Basic concept is clear, so we conclude the steps of calibration as following..
1. Zeroing: set the lens to infinity, and make sure the mirror arm is attached with cam, on the mark line.
2. Align overlay image at infinity object.
3. Align overlay image at closer object.
That are all steps we will follow, then here comes the detail...
1. Byron camera with prime lens, ground glass panel, magnifying loupe, tripod.
2. Screw drivers, one tiny flat head, one normal philips head.
3. A sunny day and clear view
Choose a contrasty object as infinity target, like a high-voltage tower, about 2 km away from my house.
4. A high contrast object for close focusing
What I pick is a Big number calender panel. Hang it on wall, at the same height of the tripod, parallel with camera.
Step 1. RF housing removal
* Byron uses two screws to hold the RF housing, one is beneath the cold shoe, you need to remove tiny screw on top, and peel apart the plastic sheet to reveal the screw.
* Another one is in the side plate of film chamber, this screw need a long neck driver, or you can temporary take off the sliding tooth set for easier un-screwing.
* Once two screws are removed, carefully take the housing off, and put it aside.
* Now the RF mechanical parts are revealed, what we will adjust later are three parts, as explained at beginning, they are fixed screw, mirror, and lens cam (from left to right).
Step 2. Zeroing
Now we are going to calibrate infinity end, this is no extension for rail, so called zeroing.
* Mount Byron onto the tripod, face the infinity object. (high voltage tower)
* Mount on your prime lens, here is a Ysarex 4.7/127mm lens as example, if your prime lens is 150mm, mount it on.
* Pull the front standard to the correspond infinity stop, engage the groove. Byron engraves lens length for each infinity stop, so it is easy to distinguish.
* Set shutter to B, and with a cable release lock, make the lens shutter keep opening, and the aperture to full opening.
* Make sure that rail is not extended, distance scale marked on infinity. You can check with loupe on ground glass panel.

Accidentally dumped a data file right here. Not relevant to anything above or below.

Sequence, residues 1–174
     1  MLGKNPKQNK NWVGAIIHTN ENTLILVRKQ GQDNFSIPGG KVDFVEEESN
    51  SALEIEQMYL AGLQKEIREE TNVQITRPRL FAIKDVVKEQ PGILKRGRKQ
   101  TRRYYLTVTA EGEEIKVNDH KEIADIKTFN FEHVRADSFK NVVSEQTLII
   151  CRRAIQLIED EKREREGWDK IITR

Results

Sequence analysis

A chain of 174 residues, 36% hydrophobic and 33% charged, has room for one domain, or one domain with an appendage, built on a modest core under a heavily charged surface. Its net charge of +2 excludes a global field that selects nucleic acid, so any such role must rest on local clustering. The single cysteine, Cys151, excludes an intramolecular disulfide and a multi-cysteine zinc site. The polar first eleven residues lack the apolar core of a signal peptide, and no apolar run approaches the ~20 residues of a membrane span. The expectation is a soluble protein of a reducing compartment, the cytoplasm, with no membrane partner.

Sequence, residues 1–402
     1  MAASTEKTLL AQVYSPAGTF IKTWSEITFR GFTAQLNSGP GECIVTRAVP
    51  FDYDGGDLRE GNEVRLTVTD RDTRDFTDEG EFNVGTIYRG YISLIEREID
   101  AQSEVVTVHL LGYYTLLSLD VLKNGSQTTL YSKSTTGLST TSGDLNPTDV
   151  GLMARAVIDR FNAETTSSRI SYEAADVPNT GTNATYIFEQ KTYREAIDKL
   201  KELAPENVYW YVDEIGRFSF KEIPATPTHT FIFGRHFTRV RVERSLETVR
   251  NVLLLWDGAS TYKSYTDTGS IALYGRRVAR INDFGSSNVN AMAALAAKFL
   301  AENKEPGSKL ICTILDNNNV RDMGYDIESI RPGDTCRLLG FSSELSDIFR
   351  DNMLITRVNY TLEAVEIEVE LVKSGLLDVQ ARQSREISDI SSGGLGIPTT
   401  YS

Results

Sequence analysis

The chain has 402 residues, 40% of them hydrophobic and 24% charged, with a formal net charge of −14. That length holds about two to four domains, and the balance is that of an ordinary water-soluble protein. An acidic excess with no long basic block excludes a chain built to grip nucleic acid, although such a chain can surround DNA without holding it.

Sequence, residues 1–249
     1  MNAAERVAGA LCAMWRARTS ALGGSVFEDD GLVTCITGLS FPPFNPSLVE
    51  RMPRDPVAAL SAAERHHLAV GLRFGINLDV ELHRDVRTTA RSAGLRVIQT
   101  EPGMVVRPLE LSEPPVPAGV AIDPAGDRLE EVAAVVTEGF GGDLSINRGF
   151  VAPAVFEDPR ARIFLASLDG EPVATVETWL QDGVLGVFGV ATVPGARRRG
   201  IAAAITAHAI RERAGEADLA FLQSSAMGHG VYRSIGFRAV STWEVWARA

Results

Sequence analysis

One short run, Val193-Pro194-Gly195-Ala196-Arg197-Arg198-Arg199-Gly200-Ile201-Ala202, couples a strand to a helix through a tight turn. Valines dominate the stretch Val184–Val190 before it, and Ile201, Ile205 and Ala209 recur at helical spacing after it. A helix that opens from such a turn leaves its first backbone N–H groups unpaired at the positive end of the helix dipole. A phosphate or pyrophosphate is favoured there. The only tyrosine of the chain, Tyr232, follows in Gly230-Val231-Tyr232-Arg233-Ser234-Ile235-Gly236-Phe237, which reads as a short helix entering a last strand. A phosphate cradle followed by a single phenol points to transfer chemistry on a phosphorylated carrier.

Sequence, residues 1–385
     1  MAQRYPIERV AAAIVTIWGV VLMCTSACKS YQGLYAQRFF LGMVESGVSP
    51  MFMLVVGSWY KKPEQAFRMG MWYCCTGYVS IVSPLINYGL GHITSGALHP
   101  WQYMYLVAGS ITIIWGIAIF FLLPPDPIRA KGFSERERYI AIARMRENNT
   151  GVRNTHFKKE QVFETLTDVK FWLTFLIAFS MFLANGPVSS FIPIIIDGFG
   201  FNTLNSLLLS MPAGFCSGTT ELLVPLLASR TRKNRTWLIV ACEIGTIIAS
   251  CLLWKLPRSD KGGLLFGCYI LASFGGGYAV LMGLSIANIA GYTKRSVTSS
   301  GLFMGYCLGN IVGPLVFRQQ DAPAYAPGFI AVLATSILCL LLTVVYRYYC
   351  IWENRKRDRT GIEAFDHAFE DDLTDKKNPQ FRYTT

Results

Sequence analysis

* Check lens cam, mirror arm should engage cam curve at the engraved line, adjust the cam by loosing locking screw if necessary.
* View through the RF eye window, align the tower in the center, observe the overlaying image, do necessary adjustments, till images align with each other.
* (In this step, we use two screws on mirror for adjustment)
Step 3. Close distance calibration
* After zeroing, turn camera to close distance object (calender), adjust camera distance to object about 4 feet, about the nearest distance the lens can focus.
* with loupe and ground glass panel, turn the focus knob to focus the object, after focus is set, DO NOT TOUCH THE KNOB ANYMORE!
* View through the RF eye window, align the object in center, observe the overlaying image, do necessary adjustments, till images align with each other.
* (In this step, we use fixed screw for adjustment)
Step 4. Re-check, further adjustment
* Both infinity and close ends are calibrated, we re-check the result by turning back to face the infinity, to see if images in eye window keep align or not.
* If overlay images keep align, then the calibration is done, and you can put back the RF housing.
* If overlay images are not aligned with each other, then it may caused by wrong cam curve section. By loose the cam locking screw and turn the cam a bit, to make overlay images align again.
* Repeat step 1~3, make necessary adjustments, till overlay images keep align on both end.
These are steps for calibration, I hope this answer some questions concerning about the RF adjustments.
And for Byron whose prime lens is set to 150mm, the original 127mm lens cam is replaced by custom made 150mm lens cam, they look alike, but curve is little bit different. (left: 150mm cam, right: 127mm cam)
Sometimes new cam needs a little bit of filing to match the lens, because each lens got its own character! That belongs to advanced fine tuning...